And that’s fine! As long as the anchor is doing what it needs to, as long as the anchor is pulling you back home, it’s doing it’s job.
Other forms of Anchoring:
Anchoring is not limited to the breath. In meditation there are a variety of techniques you can use to anchor yourself to the present moment. Some of the most common ones include the breath, feelings in the body, and sounds around you.
Anchors can come in many forms, and you can have as many of them as you want!
Here are some of my favorite examples…
Pause! Stop whatever you are doing, take a few deep breaths, and give yourself a break for a few minutes. (No, that doesn’t mean check social media) Go outside, take a few deep breaths. Pay attention to your mood and how you’re feeling. Stare up at the sky. Close your eyes and listen to the sounds around you.
By taking a pause in our day we give ourselves the opportunity to let go of what recently happened and create space for what is yet to come. We come back to the present moment for a brief second.
It allows us to escape the seas that we have been swimming in all day and get a breath of fresh air. To stop, recognize how you’re feeling, take a deep breath, and re-calibrate your energy before you go back into your work.
I personally find that the best way to get out of my head is to get into my body. To reconnect with my feelings and the energy flowing inside of me. That’s why, one of my favorite anchors to the present moment is the physical connection to the body.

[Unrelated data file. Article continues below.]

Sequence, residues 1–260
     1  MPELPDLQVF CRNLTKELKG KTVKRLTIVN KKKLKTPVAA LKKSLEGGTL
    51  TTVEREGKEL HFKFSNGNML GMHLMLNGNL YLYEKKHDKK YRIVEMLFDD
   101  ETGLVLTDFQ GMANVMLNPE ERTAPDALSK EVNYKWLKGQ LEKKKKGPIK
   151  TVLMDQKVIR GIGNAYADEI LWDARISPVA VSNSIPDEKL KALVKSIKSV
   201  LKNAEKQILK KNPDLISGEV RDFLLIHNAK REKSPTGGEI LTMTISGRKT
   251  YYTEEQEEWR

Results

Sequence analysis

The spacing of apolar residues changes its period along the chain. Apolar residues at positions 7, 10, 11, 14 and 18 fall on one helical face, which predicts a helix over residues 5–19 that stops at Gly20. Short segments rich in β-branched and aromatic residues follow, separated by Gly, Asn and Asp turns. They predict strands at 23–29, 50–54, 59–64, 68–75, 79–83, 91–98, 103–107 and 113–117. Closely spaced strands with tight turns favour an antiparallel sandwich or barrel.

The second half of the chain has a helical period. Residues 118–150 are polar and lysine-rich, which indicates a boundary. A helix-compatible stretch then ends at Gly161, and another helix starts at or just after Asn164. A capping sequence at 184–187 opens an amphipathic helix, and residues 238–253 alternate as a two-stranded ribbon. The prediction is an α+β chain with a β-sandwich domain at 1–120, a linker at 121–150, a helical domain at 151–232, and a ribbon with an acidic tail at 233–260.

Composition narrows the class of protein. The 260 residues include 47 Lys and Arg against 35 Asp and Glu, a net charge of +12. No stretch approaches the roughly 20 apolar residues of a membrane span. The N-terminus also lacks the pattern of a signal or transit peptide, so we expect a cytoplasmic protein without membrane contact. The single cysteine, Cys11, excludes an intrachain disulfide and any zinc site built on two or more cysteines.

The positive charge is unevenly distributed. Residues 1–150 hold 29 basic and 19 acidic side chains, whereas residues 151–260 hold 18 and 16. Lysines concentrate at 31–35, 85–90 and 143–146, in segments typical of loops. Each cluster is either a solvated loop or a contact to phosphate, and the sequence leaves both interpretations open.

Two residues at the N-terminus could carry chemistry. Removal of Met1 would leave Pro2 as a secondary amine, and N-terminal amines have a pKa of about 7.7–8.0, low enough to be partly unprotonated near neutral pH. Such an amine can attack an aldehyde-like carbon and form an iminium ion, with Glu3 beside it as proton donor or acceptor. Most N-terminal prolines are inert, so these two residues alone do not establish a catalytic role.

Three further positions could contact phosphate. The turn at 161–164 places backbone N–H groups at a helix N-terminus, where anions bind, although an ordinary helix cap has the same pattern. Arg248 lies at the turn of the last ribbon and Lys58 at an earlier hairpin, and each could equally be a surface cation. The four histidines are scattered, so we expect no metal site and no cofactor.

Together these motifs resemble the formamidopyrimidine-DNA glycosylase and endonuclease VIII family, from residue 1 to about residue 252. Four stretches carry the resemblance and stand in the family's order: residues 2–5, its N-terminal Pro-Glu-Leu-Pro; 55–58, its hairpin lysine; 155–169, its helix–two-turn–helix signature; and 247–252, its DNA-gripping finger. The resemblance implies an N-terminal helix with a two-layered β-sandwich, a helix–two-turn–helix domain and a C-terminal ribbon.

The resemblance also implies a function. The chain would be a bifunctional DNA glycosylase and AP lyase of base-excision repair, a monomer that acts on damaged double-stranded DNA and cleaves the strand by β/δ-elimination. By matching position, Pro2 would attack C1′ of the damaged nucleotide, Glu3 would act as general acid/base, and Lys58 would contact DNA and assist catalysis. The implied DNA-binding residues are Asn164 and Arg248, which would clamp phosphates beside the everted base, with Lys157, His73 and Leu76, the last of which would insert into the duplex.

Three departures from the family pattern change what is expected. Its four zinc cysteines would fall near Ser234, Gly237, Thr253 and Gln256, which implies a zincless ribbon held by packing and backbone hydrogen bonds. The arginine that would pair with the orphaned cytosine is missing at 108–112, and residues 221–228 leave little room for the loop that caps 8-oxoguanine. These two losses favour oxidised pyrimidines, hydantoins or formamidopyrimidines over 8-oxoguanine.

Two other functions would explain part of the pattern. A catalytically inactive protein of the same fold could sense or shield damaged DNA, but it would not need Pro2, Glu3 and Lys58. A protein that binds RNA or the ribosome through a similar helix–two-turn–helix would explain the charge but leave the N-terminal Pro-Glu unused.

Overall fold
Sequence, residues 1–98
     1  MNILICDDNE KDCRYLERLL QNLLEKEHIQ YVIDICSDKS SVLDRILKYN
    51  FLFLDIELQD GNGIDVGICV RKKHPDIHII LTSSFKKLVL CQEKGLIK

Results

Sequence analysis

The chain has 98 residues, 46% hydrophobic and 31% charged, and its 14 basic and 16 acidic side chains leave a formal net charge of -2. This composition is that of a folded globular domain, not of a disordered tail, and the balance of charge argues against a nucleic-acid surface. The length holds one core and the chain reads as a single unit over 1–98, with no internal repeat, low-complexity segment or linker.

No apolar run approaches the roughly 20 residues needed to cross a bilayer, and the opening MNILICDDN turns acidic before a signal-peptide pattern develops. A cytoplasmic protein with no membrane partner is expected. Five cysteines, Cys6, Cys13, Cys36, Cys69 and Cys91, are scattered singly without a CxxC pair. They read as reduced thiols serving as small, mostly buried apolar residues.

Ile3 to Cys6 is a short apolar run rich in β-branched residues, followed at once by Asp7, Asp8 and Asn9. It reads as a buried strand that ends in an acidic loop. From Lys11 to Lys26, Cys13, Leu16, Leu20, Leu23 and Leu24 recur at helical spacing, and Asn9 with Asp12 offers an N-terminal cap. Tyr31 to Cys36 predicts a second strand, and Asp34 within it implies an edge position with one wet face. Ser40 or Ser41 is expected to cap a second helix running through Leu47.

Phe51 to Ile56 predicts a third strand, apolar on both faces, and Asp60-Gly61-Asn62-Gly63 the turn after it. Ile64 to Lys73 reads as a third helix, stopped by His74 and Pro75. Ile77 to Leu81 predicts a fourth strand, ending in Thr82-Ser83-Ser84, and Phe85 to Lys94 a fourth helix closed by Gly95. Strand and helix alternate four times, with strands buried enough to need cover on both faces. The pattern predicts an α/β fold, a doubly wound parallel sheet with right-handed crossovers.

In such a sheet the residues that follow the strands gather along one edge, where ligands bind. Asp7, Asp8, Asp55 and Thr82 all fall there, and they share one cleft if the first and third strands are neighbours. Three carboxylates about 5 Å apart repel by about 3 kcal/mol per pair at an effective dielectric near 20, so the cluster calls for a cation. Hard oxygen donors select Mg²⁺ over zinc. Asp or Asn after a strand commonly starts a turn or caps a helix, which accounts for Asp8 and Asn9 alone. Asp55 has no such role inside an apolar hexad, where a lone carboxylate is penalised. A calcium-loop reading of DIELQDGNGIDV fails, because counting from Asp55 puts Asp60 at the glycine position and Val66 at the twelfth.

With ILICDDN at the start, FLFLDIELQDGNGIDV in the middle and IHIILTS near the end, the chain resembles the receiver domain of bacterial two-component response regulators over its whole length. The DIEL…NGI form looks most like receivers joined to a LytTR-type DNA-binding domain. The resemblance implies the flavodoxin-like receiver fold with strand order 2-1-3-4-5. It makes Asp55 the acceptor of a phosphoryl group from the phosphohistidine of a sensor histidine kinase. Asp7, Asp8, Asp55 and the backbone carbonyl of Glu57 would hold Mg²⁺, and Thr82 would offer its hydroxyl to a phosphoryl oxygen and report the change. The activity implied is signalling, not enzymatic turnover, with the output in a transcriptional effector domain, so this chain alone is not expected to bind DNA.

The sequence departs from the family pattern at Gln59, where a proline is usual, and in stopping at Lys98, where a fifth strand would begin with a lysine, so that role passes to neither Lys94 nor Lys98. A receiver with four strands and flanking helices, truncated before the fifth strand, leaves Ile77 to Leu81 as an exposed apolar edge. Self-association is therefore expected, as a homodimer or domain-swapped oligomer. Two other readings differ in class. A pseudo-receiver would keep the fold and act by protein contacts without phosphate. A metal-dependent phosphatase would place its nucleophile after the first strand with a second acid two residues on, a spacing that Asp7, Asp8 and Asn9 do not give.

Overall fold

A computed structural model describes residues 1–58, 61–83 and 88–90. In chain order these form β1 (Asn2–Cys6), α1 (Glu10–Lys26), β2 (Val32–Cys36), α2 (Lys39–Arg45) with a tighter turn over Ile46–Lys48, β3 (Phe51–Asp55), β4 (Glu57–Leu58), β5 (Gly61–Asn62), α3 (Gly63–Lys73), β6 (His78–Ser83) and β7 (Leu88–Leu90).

How can we apply this? The most basic form is exercise of some kind. Something to get your heart pumping quickly, but not enough to qualify as a full workout. For me this usually means a few pushups, jumping jacks, running in place for a minute, or some light stretching.
The point here is to pay attention to how your body feels. The more you can feel your body and make that “mind-muscle connection”, the better you will be at getting outside of your head and returning back to the present moment.
Gratitude and appreciation
Out of all the things I’ve learned throughout my journey of meditation, gratitude and appreciation seem to be the holy grail of all spiritual practices. When life has you spinning — anchor yourself to the things that you are most grateful for in life.
I always like to start with my health, as I find it’s the thing we most often take for granted. Thank your lungs for breathing constantly so that you don’t have to. Thank your heart for pumping blood throughout your body and keeping you alive.Thank your mind for solving problems for you and giving you a computer inside of your brain that provides you with the ability to do work in the first place!